Let me be clear on this and I hope you heed to my message. If Kosovo is not allowe to have its own War Crime Court within its own laws, we will create a path for radicalized society with no future ahead.
    Serbia and its serbianna.com chief editor do support this ‘Special Court’, not to Remove Hashim Thaci, but to bring the radical commanders back from Syria.
    This Special Court will be the end of Kosovo as a normal and democratic state. Someone has to be held responsible for this misguided policy. I know we have to pay dues to appease Serbia, but not at Kosovo’s expense.

    Thank you,

  2. Chuck Sudetich has lost the moral credibility quite a long time ago and I am appalled that Politico.eu published his opinion piece on such a flimsy basis, using quite a nasty language. You are right to point out that some Kosovo leaders MAY be involved in organized crime, as I am sure quite a few Montenegrin, Macedonian, Serbian or Bulgarian politicians are too, but the level of loathing unhidden by Chuck in an opinion peace was quite shocking. I mean, calling the Kosovo foreign minister an “animal”? New lows…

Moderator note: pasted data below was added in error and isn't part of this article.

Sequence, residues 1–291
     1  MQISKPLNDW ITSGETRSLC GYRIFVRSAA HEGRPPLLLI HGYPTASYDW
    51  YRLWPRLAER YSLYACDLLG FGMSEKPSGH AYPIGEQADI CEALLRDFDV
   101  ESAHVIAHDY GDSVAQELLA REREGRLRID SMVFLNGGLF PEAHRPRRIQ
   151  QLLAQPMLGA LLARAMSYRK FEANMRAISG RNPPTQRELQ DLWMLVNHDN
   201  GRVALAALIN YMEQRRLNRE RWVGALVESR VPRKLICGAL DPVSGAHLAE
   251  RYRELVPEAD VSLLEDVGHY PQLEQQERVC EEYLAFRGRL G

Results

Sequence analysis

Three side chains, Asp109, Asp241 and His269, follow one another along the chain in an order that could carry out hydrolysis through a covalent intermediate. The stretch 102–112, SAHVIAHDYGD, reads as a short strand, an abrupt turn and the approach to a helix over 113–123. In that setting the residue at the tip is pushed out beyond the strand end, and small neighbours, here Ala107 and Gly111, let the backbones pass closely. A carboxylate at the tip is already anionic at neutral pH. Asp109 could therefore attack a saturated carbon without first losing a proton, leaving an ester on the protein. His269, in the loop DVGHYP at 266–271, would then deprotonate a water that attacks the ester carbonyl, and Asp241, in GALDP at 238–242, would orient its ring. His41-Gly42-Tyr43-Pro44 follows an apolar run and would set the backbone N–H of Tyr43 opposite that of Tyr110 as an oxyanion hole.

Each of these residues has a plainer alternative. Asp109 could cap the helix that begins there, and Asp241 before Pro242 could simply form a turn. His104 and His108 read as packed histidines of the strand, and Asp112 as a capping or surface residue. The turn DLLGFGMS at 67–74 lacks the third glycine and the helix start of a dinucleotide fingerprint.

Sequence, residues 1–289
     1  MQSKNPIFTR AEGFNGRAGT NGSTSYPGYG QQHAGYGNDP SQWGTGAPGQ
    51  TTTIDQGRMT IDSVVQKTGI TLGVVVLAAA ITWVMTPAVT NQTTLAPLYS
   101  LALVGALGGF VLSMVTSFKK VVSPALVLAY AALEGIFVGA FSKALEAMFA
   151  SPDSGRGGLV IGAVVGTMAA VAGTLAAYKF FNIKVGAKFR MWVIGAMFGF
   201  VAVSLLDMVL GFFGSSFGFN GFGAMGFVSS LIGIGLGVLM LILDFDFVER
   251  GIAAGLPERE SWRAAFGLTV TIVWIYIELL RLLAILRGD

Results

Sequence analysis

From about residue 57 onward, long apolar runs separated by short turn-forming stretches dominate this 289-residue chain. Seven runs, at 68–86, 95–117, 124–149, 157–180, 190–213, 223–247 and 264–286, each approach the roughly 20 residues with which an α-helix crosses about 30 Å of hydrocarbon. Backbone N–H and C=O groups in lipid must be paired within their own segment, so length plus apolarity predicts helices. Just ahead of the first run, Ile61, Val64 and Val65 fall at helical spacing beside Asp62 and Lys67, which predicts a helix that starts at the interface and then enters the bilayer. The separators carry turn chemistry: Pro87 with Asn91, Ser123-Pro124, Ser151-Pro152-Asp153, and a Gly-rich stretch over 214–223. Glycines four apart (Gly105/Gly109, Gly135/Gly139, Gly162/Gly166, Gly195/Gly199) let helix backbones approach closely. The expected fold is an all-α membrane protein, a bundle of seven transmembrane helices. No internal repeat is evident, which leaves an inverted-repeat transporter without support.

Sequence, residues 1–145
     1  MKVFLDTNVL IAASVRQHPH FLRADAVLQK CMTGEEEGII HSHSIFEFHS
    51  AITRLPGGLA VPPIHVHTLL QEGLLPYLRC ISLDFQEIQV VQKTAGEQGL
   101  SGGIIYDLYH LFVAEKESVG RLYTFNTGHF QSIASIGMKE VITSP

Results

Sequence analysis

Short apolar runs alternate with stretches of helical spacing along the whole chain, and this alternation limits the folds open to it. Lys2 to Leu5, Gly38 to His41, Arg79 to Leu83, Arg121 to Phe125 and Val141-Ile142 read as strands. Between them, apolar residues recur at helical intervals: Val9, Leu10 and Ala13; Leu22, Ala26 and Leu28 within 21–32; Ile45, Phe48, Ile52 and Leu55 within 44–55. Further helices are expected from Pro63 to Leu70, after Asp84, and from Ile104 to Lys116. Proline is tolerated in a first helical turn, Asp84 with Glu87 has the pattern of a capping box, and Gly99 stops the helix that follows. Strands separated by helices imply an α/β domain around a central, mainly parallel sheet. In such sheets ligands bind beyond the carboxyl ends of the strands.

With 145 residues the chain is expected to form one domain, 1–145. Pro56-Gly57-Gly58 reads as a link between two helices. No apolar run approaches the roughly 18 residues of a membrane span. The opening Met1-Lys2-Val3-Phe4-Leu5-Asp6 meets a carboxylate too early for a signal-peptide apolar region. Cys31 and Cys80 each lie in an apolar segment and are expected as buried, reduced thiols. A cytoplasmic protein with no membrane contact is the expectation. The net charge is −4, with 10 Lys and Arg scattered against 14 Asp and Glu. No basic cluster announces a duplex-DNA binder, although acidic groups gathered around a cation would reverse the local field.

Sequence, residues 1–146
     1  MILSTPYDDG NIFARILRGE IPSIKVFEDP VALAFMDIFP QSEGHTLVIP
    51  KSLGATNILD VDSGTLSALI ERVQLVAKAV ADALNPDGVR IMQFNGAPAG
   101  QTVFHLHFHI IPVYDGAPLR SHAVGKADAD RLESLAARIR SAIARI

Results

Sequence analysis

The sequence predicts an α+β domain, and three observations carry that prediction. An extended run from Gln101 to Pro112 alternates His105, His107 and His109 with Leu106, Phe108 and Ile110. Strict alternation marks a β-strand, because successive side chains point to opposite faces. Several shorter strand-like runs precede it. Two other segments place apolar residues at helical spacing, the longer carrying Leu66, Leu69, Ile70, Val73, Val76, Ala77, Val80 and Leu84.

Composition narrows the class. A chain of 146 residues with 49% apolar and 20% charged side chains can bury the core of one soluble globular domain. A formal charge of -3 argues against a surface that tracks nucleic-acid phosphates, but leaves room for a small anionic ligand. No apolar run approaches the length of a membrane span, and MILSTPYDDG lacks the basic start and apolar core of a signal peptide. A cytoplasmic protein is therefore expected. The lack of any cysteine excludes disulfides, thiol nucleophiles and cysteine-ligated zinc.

3. ‘I don’t even know if the alleged organ-trafficking and murder occurred’, Daniel Serwer writes. On both issues he will find useful information in the report (here: http://sitf.eu/index.php/en/news-other/42-statement-by-the-chief-prosecutor-clint-williamson ) of a EU task force (SITF, led by a US prosecutor) that investigated these matters for about three years: (1) their findings, they say, are ‘largely consistent with those in the Marty report’; (2) that ‘also applies to the allegations in question’: namely, it applies to Marty’s ‘allegations of murders for the purpose of harvesting and trafficking human organs’; (3) more precisely, they say that, while they don’t ‘yet’ have ‘a strong enough evidentiary basis to conclude that indictments can be brought as to this aspect of the case’, they have ‘compelling indications that this practice did occur on a very limited scale and that a small number of individuals were killed for the purpose of extracting and trafficking their organs. This conclusion is consistent with what was stated in the Marty Report, namely that a “handful” of individuals were subjected to this crime. The use of the word “handful” by Senator Marty was intentional and it was meant literally.’